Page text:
Hazardous Tree Definition Change Sought by Nevins Couple

The Conservation Commission will examine trees in the buffer zone at The Nevins over-55 community and decide whether they can be deemed hazardous.

Peter Woodberry, representing The Nevins over-55 community, and Karen Aagegen and Steve Fineberg, new homeowners at The Nevins, asked the Londonderry Conservation Commission for permission to cut down trees within the buffer zone. They said the trees were close enough to their home to be considered dangerous.

Fineberg had asked Bartlett Tree crews to look at the trees and provide a report on their condition, as well as to provide a proposal for addressing the trees deemed hazardous to their property. Bartlett identified seven trees, but the couple were most concerned about a tree that is 11 feet from the house and reportedly threatens the bedroom. They also consider a second tree that is 15 feet from the home to be a threat to the bedroom.

Woodberry explained at the Commission’s Tuesday, June 28 meeting that in previous visits with the Commission about hazardous trees within the buffer zone – a no-cut  zone – the tree had to be dead to be considered hazardous. Woodberry expressed concern about the trees under consideration because while Bartlett Tree deemed them hazardous to the property, they are not dead.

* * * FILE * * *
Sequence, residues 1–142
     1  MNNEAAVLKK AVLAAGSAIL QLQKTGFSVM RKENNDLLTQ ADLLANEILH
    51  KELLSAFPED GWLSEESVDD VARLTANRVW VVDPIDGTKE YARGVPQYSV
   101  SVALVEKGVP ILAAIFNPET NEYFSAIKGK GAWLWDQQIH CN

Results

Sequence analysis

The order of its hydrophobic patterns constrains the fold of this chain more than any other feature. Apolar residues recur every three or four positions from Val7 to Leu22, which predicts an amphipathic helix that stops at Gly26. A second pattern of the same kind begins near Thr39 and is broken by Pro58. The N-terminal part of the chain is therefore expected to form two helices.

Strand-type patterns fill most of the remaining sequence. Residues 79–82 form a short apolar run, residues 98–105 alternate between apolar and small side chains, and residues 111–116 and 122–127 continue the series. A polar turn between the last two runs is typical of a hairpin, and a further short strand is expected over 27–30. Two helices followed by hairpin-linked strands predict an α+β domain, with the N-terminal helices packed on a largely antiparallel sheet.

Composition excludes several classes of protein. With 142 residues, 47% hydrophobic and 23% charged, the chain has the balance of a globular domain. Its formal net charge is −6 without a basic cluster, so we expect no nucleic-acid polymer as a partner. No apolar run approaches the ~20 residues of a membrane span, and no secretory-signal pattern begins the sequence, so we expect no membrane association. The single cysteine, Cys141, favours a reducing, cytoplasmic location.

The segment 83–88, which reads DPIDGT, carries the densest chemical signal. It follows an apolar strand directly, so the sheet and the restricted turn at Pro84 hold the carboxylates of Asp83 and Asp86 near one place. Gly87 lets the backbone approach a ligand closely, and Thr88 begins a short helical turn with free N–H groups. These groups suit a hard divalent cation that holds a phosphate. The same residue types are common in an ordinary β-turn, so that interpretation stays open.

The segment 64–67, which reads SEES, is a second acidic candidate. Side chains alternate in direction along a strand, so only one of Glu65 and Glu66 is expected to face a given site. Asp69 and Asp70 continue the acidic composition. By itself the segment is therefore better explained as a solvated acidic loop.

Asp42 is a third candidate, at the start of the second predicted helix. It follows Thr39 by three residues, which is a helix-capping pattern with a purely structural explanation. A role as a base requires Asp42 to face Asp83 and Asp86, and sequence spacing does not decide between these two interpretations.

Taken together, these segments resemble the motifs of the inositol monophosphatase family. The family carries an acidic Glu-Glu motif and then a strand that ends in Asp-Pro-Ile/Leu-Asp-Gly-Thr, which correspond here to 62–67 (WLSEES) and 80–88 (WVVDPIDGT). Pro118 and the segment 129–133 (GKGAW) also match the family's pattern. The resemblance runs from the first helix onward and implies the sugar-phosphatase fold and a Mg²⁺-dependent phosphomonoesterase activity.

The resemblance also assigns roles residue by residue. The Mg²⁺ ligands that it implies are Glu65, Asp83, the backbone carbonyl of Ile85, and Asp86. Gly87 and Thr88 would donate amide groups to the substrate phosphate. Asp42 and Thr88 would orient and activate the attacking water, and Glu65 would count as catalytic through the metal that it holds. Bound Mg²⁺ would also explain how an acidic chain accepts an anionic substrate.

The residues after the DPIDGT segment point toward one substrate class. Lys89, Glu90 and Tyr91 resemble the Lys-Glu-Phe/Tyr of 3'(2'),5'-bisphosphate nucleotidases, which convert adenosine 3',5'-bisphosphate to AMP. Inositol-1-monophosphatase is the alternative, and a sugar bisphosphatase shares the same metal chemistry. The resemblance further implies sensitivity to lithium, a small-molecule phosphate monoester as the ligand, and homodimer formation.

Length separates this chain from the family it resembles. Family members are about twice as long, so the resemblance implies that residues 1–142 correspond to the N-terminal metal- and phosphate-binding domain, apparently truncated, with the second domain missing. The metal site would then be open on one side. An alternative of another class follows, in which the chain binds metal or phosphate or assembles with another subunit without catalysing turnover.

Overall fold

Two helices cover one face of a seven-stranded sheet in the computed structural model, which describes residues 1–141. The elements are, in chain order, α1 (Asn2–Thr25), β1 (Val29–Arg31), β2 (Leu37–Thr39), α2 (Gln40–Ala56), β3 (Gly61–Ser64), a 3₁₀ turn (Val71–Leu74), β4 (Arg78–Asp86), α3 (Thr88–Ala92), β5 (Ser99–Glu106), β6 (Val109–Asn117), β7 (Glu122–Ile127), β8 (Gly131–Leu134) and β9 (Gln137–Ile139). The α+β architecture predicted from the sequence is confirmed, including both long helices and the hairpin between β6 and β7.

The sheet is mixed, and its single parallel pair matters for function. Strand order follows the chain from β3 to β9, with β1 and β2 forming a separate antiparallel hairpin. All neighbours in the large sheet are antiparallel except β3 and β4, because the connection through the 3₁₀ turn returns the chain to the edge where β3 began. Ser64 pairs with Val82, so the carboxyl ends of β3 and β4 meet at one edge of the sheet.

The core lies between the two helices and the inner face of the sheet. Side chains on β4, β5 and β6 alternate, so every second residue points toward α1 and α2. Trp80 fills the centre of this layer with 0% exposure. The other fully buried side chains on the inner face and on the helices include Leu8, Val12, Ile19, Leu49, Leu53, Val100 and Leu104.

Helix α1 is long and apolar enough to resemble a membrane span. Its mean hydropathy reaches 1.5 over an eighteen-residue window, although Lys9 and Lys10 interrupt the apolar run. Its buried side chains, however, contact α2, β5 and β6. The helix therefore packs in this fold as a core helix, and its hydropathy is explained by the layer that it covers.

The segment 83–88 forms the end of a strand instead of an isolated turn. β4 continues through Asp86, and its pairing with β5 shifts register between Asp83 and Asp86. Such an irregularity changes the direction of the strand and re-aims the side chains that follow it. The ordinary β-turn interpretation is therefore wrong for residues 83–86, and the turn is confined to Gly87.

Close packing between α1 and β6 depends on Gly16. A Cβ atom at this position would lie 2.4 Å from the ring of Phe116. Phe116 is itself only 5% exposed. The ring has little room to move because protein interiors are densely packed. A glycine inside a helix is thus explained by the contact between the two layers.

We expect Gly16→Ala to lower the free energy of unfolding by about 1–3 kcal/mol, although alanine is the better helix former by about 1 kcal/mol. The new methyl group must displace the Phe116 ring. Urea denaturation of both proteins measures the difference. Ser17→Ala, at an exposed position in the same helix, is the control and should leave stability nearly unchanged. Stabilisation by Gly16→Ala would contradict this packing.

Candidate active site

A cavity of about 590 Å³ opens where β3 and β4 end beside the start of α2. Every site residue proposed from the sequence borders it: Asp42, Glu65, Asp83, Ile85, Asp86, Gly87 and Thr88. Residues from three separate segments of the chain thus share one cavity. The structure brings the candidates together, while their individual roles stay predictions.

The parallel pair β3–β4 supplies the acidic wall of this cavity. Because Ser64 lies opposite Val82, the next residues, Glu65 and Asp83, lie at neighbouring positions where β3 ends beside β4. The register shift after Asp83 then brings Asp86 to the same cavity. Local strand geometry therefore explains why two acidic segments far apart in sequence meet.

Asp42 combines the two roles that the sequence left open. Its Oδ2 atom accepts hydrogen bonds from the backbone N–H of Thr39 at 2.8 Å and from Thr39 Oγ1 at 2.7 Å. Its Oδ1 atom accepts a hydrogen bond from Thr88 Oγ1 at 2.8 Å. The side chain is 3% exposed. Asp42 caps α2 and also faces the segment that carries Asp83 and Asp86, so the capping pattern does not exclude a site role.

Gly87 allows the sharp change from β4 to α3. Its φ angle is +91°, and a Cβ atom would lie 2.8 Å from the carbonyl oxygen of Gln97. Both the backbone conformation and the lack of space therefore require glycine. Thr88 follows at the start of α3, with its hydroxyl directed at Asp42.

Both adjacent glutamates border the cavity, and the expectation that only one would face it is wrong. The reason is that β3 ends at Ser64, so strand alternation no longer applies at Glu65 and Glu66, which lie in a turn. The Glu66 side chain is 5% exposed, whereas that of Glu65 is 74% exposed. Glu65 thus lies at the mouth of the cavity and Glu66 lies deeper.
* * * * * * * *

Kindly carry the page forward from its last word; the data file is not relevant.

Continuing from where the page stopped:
Woodberry asked what the commission thinks about requiring a tree to be dead for it to be identified as hazardous, and said other homeowners have a similar situation. He said he would like a definition of “hazardous tree” to be developed so that he wouldn’t have to come to the Commission each time.

The Commission discussed the buffer and the easement line at The Nevins and acknowledged the buffer comes close to the homes. Members said a definition could likely be found that would allow designation of a hazardous tree even though it was not dead.

Commission member Mike Speltz said it would not be a good idea to modify the existing ordinance but added that a definition of a hazardous tree that didn’t require the tree to be dead could be found. He asked for time to find an appropriate definition and until then, he and member Julie Christenson-Collins would visit The Nevins to look at the seven trees identified by Bartlett.

The Commission voted unanimously to authorize Speltz and Christenson-Collins to visit The Nevins the next day and to act on behalf of the Commission regarding a decision to allow the homeowner to cut down the trees. The trees would be dropped in the buffer zone, with nothing removed from the property.

The homeowners also expressed a second concern about poison ivy and bittersweet growing on their property. They want to eradicate both but the rules don’t allow any use of chemicals on the properties.

Bittersweet is considered an invasive plant, and the Commission encouraged the homeowners to cut or pull it up by the roots. But poison ivy is native, and Speltz suggested two options: they could place clear plastic over the poison ivy area and leave it for an entire season, which would kill much of it, or hire someone to hand pull it out.